Manzanar Mosaic

Item # 155150.

Manzanar Mosaic: Essays and Oral Histories on America's First World War II Japanese American Concentration Camp

By Arthur A. Hansen. Foreword by Bruce Embrey

Providing  a new mosaic-style view of Manzanar’s complex history through unedited  interviews and published scholarship, Arthur A. Hansen presents a deep,  longitudinal portrait of the politics and social formation of the  Japanese American community before, during, and after World War II.

To  begin, Hansen presents two essays, the first centering on his work with  Ronald Larson in the mid-1970s on the history of Doho, a Japanese and  English dual-language newspaper, and the second an article with David  Hacker on revisionist ethnic perspectives of the Manzanar “riot.” A  second section is composed of five oral history interviews of selected  camp personalities—a female Nisei journalist, a male Nisei historical  documentarian, a male Kibei Communist block manager, the Caucasian wife  and comrade of the block manager, and the male Kibei who was the central  figure in the Manzanar Riot/Revolt—that offer powerful insight into the  controversial content of the two essays that precede them.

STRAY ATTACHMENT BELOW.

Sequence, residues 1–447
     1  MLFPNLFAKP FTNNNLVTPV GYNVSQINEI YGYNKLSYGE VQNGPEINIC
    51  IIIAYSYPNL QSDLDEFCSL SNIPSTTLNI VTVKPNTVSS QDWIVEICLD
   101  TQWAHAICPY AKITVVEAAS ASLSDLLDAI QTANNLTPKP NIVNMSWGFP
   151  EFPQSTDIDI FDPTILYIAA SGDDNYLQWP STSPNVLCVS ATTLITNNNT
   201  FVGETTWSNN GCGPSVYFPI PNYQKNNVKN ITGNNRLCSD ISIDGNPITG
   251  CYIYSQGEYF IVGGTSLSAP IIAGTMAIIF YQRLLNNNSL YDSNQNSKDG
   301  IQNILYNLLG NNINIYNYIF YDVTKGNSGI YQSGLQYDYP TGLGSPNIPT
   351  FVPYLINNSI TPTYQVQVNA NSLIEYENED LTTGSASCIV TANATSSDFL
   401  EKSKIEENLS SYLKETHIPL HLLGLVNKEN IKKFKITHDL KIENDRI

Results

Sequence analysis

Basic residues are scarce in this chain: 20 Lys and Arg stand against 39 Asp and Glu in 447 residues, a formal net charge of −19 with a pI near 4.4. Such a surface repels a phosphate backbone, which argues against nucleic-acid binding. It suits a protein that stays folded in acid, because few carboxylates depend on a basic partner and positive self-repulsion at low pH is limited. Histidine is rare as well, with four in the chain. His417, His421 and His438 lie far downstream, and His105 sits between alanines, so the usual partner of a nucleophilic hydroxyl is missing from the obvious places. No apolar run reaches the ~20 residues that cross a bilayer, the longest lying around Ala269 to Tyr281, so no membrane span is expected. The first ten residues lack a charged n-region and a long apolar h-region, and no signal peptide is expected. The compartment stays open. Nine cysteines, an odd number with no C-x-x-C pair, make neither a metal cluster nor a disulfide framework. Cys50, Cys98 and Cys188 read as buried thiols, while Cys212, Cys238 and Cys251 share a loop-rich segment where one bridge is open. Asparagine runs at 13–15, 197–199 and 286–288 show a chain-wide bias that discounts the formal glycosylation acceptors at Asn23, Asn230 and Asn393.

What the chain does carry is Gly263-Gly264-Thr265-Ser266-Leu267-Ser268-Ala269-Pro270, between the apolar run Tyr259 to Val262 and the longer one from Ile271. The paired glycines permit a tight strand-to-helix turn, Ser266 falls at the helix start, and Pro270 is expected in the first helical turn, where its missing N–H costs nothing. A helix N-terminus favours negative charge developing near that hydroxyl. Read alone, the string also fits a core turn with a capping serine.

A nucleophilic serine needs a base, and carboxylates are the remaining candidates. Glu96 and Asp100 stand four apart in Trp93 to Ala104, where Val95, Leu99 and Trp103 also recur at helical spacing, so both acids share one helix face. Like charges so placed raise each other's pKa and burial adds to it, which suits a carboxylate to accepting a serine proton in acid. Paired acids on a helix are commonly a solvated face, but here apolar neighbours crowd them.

Manzanar  can be understood only by being considered within the much wider  context of Japanese American community formation and contestation  before, during, and after World War II. A varied collection of scholarly  articles and interviews, Manzanar Mosaic engages  diverse voices and considers multiple perspectives to illuminate  aspects of the Japanese American community, the ethnic press, the  Manzanar concentration camp, and the movement for redress and  reparations. 

Paper: 336 pp.

Also by Art A Hansen:

Barbed Voices--Oral History, Resistance, and the World War II Japanese American Social DisasterBarbed Voices--Oral History, Resistance, and the World War II Japanese American Social Disaster

Beyond the BetrayalBeyond the Betrayal


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